Conservative Diary

« Gove considering voucherisation of education funding, with headteachers running school budgets | Main | Labour moves ahead in YouGov poll and disapproval of Coalition's performance reaches 47% »

Chris Huhne should worry about warming gran's house, he can't do anything about global warming

Tim Montgomerie

"If ministers are shrewd they will send a message to the energy giants this winter that it is time for the rip-off to end."

So screams The Independent, this morning. The Daily Mail isn't far behind:

"British Gas argues the wholesale price of energy is rising (though only slightly, and it is still only around half its 2008 peak). But customers will note that the company made £585million in the first six months of 2010 — up by 98% on the same period last year. Of course, in tough conditions, a British company recording such healthy profits should be applauded. However, these must not be achieved on the back of customers who are already suffering their own economic hardships."

I don't want to get into the rights and wrongs of British Gas' pricing policy (Mike Denham at Burning Our Money does a good job of that) but I do want to say that it's important that the government doesn't make energy inflation worse.

1992double_whammy Remember the 1992 'double whammy' poster? Well, we're back to an era where taxes (eg VAT) and prices are heading upwards. Higher mortgage repayments are likely soon, too, making it a triple whammy. The economic crash - long academic for those in work - is about to become real.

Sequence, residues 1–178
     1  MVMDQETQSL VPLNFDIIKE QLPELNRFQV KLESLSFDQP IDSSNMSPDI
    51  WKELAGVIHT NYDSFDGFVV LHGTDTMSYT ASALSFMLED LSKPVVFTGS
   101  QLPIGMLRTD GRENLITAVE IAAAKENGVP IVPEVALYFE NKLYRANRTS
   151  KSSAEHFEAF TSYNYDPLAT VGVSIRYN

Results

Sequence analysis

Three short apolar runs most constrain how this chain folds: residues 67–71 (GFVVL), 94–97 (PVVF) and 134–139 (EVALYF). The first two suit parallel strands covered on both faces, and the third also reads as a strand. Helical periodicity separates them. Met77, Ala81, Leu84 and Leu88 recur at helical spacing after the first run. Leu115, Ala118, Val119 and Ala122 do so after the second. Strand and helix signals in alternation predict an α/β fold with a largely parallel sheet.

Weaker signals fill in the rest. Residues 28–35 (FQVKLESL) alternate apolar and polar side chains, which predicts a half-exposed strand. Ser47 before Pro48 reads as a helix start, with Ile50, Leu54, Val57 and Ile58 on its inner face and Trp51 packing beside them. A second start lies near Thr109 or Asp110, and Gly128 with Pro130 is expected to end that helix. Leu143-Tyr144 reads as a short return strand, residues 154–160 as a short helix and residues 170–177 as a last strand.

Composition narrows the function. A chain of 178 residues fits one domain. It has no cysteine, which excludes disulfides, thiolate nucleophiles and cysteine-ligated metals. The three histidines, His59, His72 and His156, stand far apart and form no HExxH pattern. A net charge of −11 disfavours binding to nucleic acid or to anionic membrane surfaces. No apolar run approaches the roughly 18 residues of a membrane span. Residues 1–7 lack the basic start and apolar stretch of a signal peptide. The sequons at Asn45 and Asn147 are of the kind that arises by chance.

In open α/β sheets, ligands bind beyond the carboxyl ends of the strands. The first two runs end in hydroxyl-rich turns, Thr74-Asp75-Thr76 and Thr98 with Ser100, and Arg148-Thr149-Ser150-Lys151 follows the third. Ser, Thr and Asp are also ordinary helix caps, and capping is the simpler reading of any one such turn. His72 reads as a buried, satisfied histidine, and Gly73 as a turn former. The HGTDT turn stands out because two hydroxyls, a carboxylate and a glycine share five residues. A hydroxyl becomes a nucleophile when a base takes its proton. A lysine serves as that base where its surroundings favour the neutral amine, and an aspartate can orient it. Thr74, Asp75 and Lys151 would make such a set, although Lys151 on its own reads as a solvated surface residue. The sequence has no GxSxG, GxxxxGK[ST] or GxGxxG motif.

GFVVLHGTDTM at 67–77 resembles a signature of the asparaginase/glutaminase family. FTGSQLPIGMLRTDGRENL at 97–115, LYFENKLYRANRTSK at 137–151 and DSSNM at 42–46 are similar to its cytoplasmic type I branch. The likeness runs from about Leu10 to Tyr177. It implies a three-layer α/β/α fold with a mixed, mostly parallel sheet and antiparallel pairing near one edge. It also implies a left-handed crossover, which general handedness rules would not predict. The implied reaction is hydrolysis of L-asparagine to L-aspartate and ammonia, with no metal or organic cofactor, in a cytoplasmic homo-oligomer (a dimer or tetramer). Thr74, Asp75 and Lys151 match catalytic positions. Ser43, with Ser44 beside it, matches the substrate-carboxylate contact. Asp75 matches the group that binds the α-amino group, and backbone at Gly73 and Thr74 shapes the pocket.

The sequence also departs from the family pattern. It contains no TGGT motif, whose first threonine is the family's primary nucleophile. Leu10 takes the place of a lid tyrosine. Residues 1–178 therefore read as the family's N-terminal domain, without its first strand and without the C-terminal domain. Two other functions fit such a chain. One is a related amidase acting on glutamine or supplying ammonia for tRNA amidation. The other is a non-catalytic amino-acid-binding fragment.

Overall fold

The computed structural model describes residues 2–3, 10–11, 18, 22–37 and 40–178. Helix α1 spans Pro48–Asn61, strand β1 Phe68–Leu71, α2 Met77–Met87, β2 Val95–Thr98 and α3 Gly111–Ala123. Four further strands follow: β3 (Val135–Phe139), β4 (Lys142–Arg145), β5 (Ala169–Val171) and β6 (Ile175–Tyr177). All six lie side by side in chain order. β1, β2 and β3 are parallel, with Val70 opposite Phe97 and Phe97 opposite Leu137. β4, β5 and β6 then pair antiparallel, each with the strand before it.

The Coalition must mothball all green policies that are likely to raise energy prices. Matthew Sinclair of the TaxPayers' Alliance has documented the ways in which higher energy prices are regressive, disproportionately falling on the poor, the elderly, the north, and manufacturing industry. High energy prices could, otherwise, become a big political issue (although, as with the EU and prisons policy, all major parties have the same declared worldview).

By massive margins, Tory members have long believed that energy prices, not climate change, will be voters' top priority. They have been vindicated. There is going to be no progress on combating climate change for the foreseeable future. The climate change lobby was badly wounded at Copenhagen, late last year. Last week, because of the US mid-terms and the election of a sceptical Republican Congress, the lobby is close to death. Yes, we should continue to do green things that have other benefits (eg energy conservation). Yes, we should invest in clean technologies (but Dalibor Rohac sounds a warning on this). But no, we should not be doing anything that pointlessly hurts energy consumers, handicaps UK manufacturing and which does nothing to stop China, India and other energy-poor countries from increasing the world's carbon footprint.

We need to do what Lord Lawson has long recommended. Get richer so we can afford to adapt. A richer world can then afford to invest in resilence against extreme weather events. In the meantime Chris Huhne should we worried about warming Aunt Mabel's house. He can't do anything about global warming.


You must be logged in using Intense Debate, Wordpress, Twitter or Facebook to comment.